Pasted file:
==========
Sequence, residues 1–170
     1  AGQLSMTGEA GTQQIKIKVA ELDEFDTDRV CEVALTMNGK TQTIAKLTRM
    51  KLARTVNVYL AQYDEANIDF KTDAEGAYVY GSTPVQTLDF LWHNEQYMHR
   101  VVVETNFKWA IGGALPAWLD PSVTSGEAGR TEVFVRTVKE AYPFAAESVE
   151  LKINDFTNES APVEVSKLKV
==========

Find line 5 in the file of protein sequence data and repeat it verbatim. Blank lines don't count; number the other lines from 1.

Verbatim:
   151  LKINDFTNES APVEVSKLKV